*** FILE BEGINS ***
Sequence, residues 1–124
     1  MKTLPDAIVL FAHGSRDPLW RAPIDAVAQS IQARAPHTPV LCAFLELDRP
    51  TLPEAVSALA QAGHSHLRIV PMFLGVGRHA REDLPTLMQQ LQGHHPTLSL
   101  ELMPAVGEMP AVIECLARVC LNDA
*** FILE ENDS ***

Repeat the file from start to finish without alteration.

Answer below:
Sequence, residues 1–124
     1  MKTLPDAIVL FAHGSRDPLW RAPIDAVAQS IQARAPHTPV LCAFLELDRP
    51  TLPEAVSALA QAGHSHLRIV PMFLGVGRHA REDLPTLMQQ LQGHHPTLSL
   101  ELMPAVGEMP AVIECLARVC LNDA